Chicago Hosts Silent Ride For Fallen Bicyclists

There is no doubt that Chicago is a “bicycle friendly” city, with bicycle dedicated lanes on almost every major street. On warm weather days you will see dozens cyclists biking their way to work for their morning commute. Despite the biking lanes and Mayor Daley’s focus on making Chicago as biker friendly as possible, there are still hazards to bicycling around town.   According to the Illinois Department of Transportation 15 cyclists have were killed in crashes between 2006 and 2008. 

Chicago hosted its’  annual “silent ride” this week in the memory of area bicyclists who have been killed riding in Chicago.“It’s a celebration of these people’s lives,” said Elizabeth Adamczyck, the organizer of Chicago’s Ride of Silence. “It’s a celebration of this activity that we all love to do, of the fact that we’re all still out there doing this.” 

 

The annual Chicago Ride of Silence was one of more than 310 such rides world-wide this year. Adamczyck said the event was as much about spreading the message of respectfully sharing the roadways as it was about remembrance.

“It’s important that we’re all there to make this stand,” Adamczyck said, “to ride in camaraderie with our fellow cyclists and to respect those who have gone before us. I like to think they’re looking down upon us and smiling saying, ‘Right on! Thanks for being there for me, and helping to advocate that those of us still alive have a right to share these roads.”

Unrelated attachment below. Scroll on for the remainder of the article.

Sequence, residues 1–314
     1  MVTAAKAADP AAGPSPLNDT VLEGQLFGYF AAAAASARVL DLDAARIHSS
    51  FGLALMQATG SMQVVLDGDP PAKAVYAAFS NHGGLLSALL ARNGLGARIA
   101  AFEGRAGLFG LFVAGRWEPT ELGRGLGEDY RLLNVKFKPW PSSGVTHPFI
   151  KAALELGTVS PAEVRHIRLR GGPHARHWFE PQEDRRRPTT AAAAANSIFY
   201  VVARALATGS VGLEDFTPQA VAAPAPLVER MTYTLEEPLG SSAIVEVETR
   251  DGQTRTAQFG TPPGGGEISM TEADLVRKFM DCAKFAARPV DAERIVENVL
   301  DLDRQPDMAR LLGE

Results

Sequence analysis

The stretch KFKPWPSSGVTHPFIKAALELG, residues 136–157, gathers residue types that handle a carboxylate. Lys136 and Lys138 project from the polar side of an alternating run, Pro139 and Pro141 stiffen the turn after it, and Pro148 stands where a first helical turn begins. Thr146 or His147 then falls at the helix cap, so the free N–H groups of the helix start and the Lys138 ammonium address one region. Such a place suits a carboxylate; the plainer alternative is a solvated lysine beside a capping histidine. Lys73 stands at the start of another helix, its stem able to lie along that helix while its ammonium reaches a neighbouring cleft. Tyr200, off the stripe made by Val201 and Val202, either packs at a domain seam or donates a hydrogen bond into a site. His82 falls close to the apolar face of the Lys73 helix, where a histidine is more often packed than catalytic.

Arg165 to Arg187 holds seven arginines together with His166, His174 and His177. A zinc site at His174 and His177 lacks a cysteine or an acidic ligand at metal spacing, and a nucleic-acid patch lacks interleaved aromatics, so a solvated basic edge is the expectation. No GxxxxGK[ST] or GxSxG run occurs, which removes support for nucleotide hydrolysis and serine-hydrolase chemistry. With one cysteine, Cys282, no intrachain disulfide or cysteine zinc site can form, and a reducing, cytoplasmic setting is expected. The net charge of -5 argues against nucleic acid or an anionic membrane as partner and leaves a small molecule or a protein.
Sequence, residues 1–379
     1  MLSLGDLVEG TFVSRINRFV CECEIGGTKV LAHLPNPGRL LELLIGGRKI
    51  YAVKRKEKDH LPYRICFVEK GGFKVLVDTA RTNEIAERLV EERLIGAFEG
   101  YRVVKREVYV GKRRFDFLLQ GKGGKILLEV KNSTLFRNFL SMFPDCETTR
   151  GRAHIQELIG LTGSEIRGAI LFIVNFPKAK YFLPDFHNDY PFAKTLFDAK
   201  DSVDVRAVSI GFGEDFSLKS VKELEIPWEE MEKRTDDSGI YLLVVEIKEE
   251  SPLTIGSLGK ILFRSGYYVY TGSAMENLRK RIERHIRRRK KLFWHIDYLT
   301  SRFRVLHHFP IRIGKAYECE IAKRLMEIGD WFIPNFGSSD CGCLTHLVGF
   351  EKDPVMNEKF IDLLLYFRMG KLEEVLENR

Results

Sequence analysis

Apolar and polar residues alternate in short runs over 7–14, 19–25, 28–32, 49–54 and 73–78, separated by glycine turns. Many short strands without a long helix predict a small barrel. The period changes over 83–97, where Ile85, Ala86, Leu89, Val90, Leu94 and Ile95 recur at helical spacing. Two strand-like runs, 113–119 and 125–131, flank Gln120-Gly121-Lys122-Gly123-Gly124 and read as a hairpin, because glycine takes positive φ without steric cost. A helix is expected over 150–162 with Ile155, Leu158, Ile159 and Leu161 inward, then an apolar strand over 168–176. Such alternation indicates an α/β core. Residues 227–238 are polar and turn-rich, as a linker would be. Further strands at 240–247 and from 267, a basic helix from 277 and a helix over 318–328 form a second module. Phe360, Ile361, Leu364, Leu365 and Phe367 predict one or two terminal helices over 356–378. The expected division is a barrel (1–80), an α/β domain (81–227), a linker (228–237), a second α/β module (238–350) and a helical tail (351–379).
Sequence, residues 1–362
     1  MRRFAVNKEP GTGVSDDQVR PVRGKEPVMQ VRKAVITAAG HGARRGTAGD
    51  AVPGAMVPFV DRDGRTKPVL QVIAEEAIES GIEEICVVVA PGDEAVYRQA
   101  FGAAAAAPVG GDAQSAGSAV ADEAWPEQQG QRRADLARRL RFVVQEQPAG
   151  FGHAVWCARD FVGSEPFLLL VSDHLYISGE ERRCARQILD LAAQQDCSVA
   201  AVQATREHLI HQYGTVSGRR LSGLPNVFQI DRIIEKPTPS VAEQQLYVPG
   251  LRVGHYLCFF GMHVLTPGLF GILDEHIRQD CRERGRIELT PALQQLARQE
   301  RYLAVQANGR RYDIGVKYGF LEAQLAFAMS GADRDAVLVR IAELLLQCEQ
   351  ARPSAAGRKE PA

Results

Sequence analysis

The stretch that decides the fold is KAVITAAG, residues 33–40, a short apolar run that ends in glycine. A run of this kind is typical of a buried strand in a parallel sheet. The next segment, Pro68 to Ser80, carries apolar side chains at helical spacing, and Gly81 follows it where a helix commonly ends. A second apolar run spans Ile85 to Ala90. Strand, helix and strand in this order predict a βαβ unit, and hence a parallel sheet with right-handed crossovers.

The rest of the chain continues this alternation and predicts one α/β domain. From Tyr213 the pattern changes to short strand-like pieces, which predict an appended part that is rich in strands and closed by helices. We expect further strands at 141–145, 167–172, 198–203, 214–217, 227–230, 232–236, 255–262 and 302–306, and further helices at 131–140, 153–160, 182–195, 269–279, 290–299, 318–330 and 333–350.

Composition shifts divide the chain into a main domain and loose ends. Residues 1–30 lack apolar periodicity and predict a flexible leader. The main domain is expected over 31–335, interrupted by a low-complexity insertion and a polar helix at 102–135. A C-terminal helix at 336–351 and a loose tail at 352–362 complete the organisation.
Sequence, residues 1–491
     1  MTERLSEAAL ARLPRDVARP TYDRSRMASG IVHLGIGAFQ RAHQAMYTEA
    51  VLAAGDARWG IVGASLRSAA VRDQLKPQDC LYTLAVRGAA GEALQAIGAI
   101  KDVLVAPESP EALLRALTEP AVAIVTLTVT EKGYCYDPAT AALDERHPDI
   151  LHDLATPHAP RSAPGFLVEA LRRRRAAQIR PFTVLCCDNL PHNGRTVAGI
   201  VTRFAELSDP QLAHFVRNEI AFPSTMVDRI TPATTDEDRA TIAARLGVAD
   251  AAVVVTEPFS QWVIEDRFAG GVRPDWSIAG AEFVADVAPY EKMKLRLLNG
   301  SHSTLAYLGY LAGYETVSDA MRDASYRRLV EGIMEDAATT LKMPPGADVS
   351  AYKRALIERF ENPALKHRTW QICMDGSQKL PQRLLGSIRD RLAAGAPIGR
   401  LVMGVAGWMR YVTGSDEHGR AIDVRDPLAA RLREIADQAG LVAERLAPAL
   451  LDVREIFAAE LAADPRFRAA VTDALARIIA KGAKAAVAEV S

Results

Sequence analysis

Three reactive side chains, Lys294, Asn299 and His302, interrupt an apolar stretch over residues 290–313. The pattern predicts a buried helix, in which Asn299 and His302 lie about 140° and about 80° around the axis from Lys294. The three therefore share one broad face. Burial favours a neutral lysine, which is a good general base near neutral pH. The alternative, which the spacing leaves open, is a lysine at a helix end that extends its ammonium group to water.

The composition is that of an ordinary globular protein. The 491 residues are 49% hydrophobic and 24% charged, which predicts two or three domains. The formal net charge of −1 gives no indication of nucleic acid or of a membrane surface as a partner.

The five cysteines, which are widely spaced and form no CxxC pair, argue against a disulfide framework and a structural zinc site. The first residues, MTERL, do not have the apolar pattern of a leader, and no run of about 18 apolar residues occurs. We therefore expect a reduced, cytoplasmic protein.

Below are safety tips for bicyclists from Mayor Daley’s Office:

 

  • Before you pull over, put on your turn signal, then look over your shoulder to check for bicyclists. If you see any bicyclists, yield. Let them pass before you pull over.
  • When you stop tem­porarily, put on your hazard lights so bicy­clists know it’s safe to pass.
  • To avoid a “dooring,” check over your shoulder for bicyclists before exiting your vehicle on the driver’s side.
  • When bicyclists merge in front of you, let them in and don’t follow too closely.
  • Don’t honk at a bicyclists unless it is a case of extreme danger.
  • If you can, you should change lanes before passing bicy­clists. Always slow down and pass them with at least three feet of space. Then wait until you can see them in your mirror before going back into the lane.
  • Avoid a drive-out. Before exiting an alley or drive­way, stop, sound your horn, and look for bicyclists and pedes­trians on the sidewalk and street.

  • When entering the bike lane to turn or parallel park, always:
    • Yield to bicyclists.
    • Use your turn signal.
    • Pull all the way into the bike lane so bicyclists will pass on the left.

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